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Robert Campin

Master of Flémalle

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Robert Campin (c. 1375 – 26 April 1444), now usually identified with the Master of Flémalle (earlier the Master of the Merode Triptych, before the discovery of three other similar panels), was the first great master of Flemish and Early Netherlandish painting. Campin's identity and the attribution of the paintings in both the "Campin" and "Master of Flémalle" groupings have been a matter of controversy for decades. Campin was highly successful during his lifetime, and thus his activities are relatively well documented, but he did not sign or date his works, and none can be securely connected with him. A corpus of work attached to the unidentified "Master of Flémalle", so named in the 19th century after three religious panels said to have come from a monastery in Flémalle. They are each assumed to be wings of triptychs or polyptychs, and are the Virgin and Child with a Firescreen now in London, a panel fragment with the Thief on the Cross in Frankfurt, and the Brussels version of the Mérode Altarpiece.

Campin was active by 1406 as a master painter in Tournai, in today's Belgium, and became that city's leading painter for 30 years. He had attained citizenship by 1410, and may have studied under Jan van Eyck. His fame had spread enough by 1419 that he led a large and profitable workshop. He became involved in the revolt of the Brotherhoods in the early 1420s; this, along with an extra-marital affair with a woman named Leurence Pol, led to his imprisonment. Yet he maintained his standing and workshop until his death in 1444.

The early Campin panels shows the influence of the International Gothic artists the Limbourg brothers (1385 – 1416) and Melchior Broederlam (c. 1350 – c.1409), but display a realistic observation than any earlier artists, which he achieved through innovations in the use of oil paints. He was successful in his lifetime, and the recipient of a number of civic commissions. Campin taught both Rogier van der Weyden (named in these early records as Rogelet de la Pasture, a French version of his name) and Jacques Daret. He was a contemporary of Jan van Eyck, and they met in 1427. Campin's best known work is the Mérode Altarpiece of c 1425-28.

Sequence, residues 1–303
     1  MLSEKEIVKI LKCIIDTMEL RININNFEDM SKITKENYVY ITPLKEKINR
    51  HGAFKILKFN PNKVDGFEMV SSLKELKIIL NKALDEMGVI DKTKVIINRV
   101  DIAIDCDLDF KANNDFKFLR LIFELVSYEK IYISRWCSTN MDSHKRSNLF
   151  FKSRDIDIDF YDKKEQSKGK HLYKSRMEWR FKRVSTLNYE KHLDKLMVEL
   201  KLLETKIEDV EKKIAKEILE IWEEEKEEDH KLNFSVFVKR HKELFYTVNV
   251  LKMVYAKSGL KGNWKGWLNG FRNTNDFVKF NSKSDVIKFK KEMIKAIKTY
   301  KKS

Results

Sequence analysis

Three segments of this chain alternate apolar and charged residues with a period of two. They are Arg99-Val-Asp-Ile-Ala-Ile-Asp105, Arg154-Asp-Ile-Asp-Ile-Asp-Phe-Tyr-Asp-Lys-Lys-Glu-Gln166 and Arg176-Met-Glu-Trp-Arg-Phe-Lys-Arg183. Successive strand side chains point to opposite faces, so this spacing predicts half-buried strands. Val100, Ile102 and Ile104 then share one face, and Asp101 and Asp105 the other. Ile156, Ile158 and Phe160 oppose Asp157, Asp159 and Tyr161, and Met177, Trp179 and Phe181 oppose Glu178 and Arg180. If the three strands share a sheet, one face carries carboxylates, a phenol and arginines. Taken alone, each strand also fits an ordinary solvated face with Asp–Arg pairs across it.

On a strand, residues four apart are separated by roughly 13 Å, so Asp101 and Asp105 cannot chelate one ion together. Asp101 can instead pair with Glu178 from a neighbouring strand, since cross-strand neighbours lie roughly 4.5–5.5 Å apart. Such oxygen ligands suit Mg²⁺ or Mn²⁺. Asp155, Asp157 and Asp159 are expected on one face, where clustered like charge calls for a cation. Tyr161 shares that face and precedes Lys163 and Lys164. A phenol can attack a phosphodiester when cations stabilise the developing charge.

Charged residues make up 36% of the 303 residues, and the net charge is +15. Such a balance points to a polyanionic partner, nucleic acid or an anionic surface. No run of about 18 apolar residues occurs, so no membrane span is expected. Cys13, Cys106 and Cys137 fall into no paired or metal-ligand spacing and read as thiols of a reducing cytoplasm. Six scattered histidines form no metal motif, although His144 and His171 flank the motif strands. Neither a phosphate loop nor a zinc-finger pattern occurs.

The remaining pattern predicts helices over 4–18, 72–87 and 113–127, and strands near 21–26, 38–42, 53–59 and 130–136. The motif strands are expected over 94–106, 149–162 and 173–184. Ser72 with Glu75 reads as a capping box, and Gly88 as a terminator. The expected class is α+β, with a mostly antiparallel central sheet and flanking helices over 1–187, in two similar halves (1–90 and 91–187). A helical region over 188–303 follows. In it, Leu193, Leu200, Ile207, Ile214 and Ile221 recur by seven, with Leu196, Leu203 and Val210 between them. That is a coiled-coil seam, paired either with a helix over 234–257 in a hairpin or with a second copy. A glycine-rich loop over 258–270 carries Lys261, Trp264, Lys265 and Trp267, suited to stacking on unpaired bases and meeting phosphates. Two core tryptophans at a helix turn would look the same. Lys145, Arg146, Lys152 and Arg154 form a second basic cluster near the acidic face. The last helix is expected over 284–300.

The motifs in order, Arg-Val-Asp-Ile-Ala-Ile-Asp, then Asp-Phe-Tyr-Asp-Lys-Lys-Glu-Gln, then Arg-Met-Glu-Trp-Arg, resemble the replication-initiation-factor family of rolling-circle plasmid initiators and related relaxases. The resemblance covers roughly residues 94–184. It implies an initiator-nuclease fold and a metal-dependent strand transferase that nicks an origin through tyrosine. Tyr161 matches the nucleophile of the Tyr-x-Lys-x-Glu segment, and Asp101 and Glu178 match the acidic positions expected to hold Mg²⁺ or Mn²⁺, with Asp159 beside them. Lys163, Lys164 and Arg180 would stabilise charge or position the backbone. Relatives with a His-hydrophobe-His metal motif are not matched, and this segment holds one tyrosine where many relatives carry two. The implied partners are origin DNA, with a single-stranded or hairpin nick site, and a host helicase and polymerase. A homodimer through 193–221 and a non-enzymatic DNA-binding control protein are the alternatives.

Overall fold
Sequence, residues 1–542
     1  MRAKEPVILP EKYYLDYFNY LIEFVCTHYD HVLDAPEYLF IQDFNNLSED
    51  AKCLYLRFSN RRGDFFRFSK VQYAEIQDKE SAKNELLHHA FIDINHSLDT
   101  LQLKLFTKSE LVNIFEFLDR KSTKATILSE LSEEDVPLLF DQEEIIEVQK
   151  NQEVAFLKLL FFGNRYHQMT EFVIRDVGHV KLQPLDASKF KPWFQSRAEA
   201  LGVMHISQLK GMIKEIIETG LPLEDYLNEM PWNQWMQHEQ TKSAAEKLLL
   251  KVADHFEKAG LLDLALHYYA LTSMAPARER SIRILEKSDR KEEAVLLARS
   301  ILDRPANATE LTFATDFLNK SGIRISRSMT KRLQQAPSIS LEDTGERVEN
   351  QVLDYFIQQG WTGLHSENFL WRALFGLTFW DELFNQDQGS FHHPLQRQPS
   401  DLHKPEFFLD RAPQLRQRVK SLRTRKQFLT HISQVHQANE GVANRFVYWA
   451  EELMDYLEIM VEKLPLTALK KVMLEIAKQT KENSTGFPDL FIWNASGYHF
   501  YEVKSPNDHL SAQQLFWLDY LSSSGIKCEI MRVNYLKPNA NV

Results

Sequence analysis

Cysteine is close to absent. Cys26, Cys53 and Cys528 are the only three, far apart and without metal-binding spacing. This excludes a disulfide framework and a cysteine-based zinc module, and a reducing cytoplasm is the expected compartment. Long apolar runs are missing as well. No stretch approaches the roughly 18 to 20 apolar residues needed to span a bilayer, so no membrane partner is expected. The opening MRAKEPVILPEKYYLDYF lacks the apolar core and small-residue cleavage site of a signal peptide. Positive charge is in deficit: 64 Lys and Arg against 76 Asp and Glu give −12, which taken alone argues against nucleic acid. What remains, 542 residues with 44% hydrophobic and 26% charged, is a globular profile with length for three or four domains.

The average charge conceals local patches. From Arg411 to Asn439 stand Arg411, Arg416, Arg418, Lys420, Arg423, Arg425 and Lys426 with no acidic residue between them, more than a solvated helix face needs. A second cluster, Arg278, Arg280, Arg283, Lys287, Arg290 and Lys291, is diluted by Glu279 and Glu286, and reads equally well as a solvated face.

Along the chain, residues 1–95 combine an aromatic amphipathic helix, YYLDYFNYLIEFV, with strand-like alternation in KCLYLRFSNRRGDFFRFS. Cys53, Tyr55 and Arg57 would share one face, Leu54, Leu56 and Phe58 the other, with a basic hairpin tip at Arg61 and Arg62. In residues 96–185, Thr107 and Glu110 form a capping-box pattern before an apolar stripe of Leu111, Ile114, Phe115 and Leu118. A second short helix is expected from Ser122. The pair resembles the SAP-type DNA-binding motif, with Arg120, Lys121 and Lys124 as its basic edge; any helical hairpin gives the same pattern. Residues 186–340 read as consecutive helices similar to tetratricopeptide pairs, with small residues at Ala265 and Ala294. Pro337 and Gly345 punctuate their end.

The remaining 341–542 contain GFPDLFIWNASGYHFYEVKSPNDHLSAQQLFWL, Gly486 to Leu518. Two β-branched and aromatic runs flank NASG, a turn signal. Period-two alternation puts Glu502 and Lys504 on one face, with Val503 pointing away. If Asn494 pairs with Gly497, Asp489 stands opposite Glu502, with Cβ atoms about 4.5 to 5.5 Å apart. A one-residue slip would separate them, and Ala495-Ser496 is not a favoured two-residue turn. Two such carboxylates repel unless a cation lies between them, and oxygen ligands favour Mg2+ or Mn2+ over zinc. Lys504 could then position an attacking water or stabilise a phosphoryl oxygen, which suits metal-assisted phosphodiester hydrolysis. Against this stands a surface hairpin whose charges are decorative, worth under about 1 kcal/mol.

Campin first appears as settled in Tournai from the archives of 1405–6, as a free master of the guild of goldsmiths and painters, and there has been a lot of speculation about his origin and birthplace which is actually unknown, although he is sometimes listed as having been born in Valenciennes. In 1408 he had purchased the house that he had been leasing since 1406 near the Tournai Cathedral. In 1410 he bought into the full citizenship. Records show a large number of commissions from individuals and guilds, as well as from ecclesiastical and civic authorities. Campin owned several houses, purchased city bonds and invested in mortgages.

Between 1423 and 1429, the city government was dominated by the guilds. Campin was the deputy dean of the guild of goldsmiths and painters in 1423/24 and 1425. In 1427 he represented the guild on the city council. After restoration of the oligarchy of full citizens, the leaders of the guild regime, including Robert Campin, were brought to court. Campin was ordered to make a pilgrimage to Saint-Gilles and pay the fine.

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Robert Campin Artworks
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